I arrived at Moscow’s Lefortovo restaurant in a raging January blizzard with the thermometer bouncing off zero celsius. It was still the bad old days in Moscow. Accompanied by a taxi driver anxious to flee this joyless suburb, I had to hold back a smile as I recalled a grim Russian joke.
Question -- What restaurant has the best view in Moscow? Answer -- Lefortovo, because from the front door you can see all the way to Siberia.
Lefortovo restaurant lies within sight of the old KGB prison of the same name. To the average Russian it is a much more notorious place than the Lubyanka near Red Square
Turning to the restaurant entranceway as the taxi disappeared in the blowing snow, I noted a fading attempt at decoration. To my left was a brass plaque noting the hours in a 24-hour timetable from 1200 to 2300. It was high noon which in wintertime Moscow means the sun is barely off the horizon. Today the clouds left no evidence of sun at all.
But anything would be better than standing like a returning Dr. Zhivago, so I pushed against the wooden entrance door.
The dining room proved cavernous with wooden chairs and tables arranged in beer hall fashion. It was warm. Enough said.
As I was wondering why I seemed to be the only patron, a waitress approached and said something in Russian. She held up her index finger. Like everything else in the USSR, the sign on the door was out of date. Apparently I was to be served because she brought out a glass of generic fruit juice called “mors” that had substituted for vodka. Then a substantial plate of meat and potatoes arrived. The meat had less gristle than the Moscow restaurants of the time,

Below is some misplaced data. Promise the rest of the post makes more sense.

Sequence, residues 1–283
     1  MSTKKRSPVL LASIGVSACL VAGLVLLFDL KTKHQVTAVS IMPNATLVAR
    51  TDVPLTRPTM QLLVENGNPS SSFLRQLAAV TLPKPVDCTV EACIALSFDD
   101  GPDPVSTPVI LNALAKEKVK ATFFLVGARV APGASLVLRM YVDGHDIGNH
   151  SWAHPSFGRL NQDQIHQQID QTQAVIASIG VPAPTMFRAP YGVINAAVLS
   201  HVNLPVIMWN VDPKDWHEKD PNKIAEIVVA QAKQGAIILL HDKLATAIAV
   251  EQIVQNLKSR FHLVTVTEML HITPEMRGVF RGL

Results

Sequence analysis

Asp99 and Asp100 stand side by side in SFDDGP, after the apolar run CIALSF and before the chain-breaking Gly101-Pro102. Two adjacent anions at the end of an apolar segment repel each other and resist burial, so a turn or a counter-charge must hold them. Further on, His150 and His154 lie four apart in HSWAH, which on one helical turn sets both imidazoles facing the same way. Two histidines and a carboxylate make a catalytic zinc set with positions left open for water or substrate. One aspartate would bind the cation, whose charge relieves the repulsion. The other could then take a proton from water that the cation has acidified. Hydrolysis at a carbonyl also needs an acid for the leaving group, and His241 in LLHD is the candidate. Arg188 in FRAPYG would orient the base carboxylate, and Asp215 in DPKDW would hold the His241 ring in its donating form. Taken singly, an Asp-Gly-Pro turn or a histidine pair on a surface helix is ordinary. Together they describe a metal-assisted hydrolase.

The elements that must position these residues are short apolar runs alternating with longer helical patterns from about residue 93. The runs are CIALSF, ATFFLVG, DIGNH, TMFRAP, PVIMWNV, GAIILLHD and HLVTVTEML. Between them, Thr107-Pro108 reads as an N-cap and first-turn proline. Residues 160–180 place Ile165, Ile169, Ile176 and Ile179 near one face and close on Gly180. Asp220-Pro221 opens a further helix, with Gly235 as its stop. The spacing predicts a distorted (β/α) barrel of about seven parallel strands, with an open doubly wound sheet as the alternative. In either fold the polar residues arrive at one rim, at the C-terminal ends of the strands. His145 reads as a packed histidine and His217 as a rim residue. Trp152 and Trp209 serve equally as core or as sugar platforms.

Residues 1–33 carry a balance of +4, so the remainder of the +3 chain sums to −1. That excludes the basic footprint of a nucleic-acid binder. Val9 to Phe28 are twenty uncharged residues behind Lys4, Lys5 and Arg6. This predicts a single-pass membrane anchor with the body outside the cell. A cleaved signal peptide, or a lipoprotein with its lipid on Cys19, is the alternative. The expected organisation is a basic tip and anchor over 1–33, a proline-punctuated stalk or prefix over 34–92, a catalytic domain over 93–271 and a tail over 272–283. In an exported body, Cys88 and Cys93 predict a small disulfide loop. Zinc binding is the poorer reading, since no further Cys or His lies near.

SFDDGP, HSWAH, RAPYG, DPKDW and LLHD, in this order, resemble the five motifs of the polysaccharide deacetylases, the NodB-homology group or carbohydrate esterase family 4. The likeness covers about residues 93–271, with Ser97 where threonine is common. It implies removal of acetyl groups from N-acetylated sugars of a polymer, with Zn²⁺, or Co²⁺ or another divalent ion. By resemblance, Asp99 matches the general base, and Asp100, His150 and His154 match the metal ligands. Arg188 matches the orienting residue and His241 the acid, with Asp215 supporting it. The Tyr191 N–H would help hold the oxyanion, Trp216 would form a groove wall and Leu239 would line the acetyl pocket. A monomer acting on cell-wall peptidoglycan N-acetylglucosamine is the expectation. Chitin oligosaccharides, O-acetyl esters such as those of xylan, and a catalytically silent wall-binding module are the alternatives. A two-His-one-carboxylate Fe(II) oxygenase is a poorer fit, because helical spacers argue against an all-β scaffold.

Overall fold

By 12:45 the customers began to arrive, most of them in uniform. They sat in conversational groups but the chairs next to me remained empty. Nobody asked me to pass the salt. On the other hand, nobody seemed to pay much attention to my presence either.
The dining room was beginning to fill so I came to the conclusion that fun’s fun and all that, it might be time to brave the snowstorm and find a taxi. The bill came to the ruble equivalent of 33 cents.
Outside another problem. Lefortovo lies in the obscure back streets between the Jauza river and the Kursk rail station. Maybe I was truly nearer Siberia than I was to a taxi. In such a case there was only one thing to do.
Across from the main KGB prison, with a messhall full of blue shoulder boards at my back, I boldly held up an illicit pack of prized Marlboro cigarettes, king size , flip-top. Brakes squealed and a taxi squeegeed to a halt in the snow. Soon we were crossing the Jauza and then the Moscow river, with Kremlin spires coming into view.